Employers can boost diversity, equity, and inclusion by teaching employees how to recognize others.
Many companies are taking significant strides to promote diversity, equity, and inclusion in the workplace. One way they may do that is by encouraging employees to serve as allies, or supporters of underrepresented individuals. In Elevating Allyship in the Workplace, Bentley University Center for Women and Business researchers define allies as individuals who use "intentional efforts to advocate for those who might face microaggressions and organizational inequities in the workplace."
However, researchers point out that "a person can't simply declare themselves an ally, nor can they become an ally just by wishing to be one. It's an iterative journey requiring reflection, introspection, reading, conversation, connection, empathy, humility, understanding, and action."
So, how can companies help employees on their paths to being allies? While allyship in action can take different forms, one "basic and easy way to act as an ally," CWB researchers say, is through amplifying, or bringing forward, others' voices.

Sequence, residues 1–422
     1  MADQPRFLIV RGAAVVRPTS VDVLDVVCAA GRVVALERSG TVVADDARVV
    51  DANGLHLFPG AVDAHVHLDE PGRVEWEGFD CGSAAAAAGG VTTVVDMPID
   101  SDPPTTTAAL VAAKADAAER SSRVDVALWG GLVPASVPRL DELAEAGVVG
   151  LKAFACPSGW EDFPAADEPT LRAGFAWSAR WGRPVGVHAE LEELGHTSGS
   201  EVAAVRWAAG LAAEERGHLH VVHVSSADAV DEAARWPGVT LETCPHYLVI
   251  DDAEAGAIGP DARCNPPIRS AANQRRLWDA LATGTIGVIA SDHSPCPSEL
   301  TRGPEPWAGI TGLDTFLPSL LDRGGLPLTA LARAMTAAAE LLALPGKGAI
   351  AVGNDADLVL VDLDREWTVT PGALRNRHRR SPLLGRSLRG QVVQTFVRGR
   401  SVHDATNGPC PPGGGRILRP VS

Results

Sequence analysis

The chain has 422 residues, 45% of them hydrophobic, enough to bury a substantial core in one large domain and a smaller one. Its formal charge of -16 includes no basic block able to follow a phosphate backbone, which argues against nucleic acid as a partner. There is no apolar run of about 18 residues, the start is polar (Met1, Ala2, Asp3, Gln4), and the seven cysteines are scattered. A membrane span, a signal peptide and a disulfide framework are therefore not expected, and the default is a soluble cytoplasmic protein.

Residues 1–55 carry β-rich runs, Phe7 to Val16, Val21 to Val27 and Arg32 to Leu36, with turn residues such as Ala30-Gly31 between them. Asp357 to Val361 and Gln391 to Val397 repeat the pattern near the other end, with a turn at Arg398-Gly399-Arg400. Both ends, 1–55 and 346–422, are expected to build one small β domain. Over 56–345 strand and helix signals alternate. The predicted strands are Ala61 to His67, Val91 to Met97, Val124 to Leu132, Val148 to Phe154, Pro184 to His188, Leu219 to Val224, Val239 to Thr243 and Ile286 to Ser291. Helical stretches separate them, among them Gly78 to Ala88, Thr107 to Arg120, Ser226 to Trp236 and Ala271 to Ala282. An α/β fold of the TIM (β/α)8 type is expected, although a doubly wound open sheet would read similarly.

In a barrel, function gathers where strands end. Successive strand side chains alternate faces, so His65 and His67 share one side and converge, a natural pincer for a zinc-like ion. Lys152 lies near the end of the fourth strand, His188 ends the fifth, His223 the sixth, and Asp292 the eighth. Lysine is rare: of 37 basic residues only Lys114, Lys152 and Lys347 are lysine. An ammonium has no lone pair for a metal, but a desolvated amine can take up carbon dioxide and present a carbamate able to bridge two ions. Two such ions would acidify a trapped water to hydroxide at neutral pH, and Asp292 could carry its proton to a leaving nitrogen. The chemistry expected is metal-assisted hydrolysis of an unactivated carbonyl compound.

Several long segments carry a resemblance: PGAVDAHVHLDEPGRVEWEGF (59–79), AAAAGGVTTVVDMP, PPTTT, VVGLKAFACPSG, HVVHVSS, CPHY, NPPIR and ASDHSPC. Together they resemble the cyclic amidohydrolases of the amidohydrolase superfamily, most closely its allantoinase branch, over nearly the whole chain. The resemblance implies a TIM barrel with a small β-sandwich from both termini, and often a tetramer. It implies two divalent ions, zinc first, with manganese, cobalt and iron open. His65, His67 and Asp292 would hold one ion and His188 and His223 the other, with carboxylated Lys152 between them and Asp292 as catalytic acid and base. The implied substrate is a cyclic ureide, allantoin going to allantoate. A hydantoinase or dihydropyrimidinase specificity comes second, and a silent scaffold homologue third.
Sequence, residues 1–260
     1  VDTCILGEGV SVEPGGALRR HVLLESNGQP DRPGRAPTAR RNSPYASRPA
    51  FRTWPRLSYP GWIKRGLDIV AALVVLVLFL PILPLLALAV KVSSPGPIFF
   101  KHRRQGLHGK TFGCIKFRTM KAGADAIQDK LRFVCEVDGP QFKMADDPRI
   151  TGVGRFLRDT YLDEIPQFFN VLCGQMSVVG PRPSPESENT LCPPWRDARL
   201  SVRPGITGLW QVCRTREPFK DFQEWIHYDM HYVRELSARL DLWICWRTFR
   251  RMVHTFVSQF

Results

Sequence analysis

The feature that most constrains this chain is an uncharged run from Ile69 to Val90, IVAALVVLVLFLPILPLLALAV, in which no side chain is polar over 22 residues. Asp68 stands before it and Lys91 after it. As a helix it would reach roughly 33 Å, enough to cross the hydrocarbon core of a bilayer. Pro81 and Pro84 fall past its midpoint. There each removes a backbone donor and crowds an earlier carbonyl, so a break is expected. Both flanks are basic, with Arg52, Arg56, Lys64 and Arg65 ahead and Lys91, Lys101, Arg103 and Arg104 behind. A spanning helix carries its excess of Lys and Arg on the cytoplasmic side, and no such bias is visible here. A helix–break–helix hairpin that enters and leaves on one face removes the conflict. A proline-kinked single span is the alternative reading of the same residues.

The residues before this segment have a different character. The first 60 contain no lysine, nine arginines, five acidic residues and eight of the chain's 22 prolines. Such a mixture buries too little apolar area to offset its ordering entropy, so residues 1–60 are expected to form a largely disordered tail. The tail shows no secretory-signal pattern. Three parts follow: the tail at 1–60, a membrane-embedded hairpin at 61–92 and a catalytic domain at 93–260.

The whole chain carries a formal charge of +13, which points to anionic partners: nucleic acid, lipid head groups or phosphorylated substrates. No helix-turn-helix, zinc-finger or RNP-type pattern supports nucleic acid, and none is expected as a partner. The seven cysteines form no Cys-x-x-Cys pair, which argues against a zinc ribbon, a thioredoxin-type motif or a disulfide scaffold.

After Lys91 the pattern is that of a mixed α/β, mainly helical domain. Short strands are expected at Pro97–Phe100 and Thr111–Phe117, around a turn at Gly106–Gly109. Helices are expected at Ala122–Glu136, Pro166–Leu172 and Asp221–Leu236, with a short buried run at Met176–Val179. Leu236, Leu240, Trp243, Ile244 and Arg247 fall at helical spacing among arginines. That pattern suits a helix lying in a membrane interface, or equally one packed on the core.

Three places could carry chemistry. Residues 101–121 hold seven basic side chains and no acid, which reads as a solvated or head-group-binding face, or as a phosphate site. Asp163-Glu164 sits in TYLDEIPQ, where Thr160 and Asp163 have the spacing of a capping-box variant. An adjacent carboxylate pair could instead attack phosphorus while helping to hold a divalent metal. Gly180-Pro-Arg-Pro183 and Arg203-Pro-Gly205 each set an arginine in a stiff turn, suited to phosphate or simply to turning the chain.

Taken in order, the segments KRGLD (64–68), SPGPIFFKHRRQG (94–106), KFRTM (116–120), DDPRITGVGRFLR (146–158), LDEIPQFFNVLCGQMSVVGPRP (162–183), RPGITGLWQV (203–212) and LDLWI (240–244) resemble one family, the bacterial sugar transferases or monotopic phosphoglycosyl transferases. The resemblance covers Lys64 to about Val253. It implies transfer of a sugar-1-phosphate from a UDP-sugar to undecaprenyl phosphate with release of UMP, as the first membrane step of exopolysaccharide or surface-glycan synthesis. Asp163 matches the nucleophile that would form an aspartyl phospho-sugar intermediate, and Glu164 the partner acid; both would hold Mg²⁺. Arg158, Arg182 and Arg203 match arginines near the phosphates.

In the Academy of Management Journal article "Amplifying Voice in Organizations," the authors define amplification as "the behavior of publicly endorsing someone else's contribution while giving them credit." It's a skill that is easy to teach, says co-author Nathan Meikle, a subject matter expert in social perception and how it affects organizations.
"It just simply requires people to shine the light on someone else for their ideas," Meikle explains. He shares this example: "If Brea voices an idea, I could amplify her by saying, ‘Brea just said X. I think that was a good idea. I think we should consider it.'" Teaching amplification as a component of allyship could be a simple yet valuable addition to any DEI or leadership development program.
Of note, Meikle says that employees don't short sell themselves by amplifying others—that is, amplification is a mutually beneficial act. What he and his co-authors found is that when amplification is practiced in the workplace, it bodes positively in terms of status for the amplifier and the amplified individual. Moreover, they note that amplification practiced in the workplace not only helps to diversify the voices being heard at the table but also can result in higher-quality ideas from team members.